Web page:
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Last updated: October 8, 2012 10:21 pm
The price difference between the two leading oil benchmarks traded at its widest in a year as tight physical supplies from the North Sea supported Brent against its US counterpart.
The “spread” or difference between Brent, which is seen as the global benchmark, and West Texas Intermediate, the US benchmark, widened to as much as $22.92 a barrel on Monday.
Both benchmarks eased on worries of lower demand, but ICE November Brent only fell 20 cents to $111.82 a barrel, while Nymex November WTI fell 55 cents to $89.33 a barrel, with the difference at $22.49.
Analysts said the widening price difference was a symptom of varying supply factors affecting the two benchmarks. “The oil market continues to face bipolar forces,” said Amrita Sen, chief strategist at Energy Aspects, the oil consultancy.
On the one hand, the Brent benchmark – a basket of four different North Sea crude oil streams traded independently in the physical market – was supported by lower than expected shipments of North Sea crude.
Loading schedules of North Sea crude in November show cargoes are expected to fall to the lowest for that month in at least five years.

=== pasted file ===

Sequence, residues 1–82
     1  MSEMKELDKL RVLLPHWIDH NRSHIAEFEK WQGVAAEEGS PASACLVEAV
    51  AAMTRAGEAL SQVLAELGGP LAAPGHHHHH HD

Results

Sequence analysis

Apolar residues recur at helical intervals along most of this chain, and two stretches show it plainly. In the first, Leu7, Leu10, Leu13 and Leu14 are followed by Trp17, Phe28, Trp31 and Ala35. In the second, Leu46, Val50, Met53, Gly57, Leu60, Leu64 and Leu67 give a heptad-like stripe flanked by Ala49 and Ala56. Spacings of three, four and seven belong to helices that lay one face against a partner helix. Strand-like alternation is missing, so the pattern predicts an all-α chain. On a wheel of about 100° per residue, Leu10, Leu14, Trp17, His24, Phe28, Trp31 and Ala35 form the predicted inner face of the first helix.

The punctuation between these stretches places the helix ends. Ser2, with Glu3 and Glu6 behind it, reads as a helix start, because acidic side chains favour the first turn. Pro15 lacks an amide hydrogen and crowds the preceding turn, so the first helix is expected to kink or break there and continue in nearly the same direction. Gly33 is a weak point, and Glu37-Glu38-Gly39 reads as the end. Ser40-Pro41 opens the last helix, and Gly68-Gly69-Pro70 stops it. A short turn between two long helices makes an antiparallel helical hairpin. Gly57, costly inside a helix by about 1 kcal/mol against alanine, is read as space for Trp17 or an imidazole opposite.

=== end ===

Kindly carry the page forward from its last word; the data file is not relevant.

October schedules also show lower than forecast loadings due to the delayed return of the Buzzard oilfield, one of the key suppliers contributing to the crude streams behind Brent, due to maintenance issues. Elsewhere, production growth in Brazil has disappointed, with Petrobras’ output falling to a 22-month low in August.
WTI, on the other hand, has continued to be affected by the high level of shale oil production as oil drilling in North America has remained active.
According to the latest data from the US Department of Energy, weekly US crude oil production was at the highest levels since 1996.
The long list of US refinery outages, both planned and unplanned, has also affected the WTI benchmark. While the fall in refining capacity has pushed up oil product prices, it has led to excess supply weighing on the crude market.
Ms Sen said US crude supplies were also being pushed up by the conversion of BP’s Whiting refinery in Indiana.
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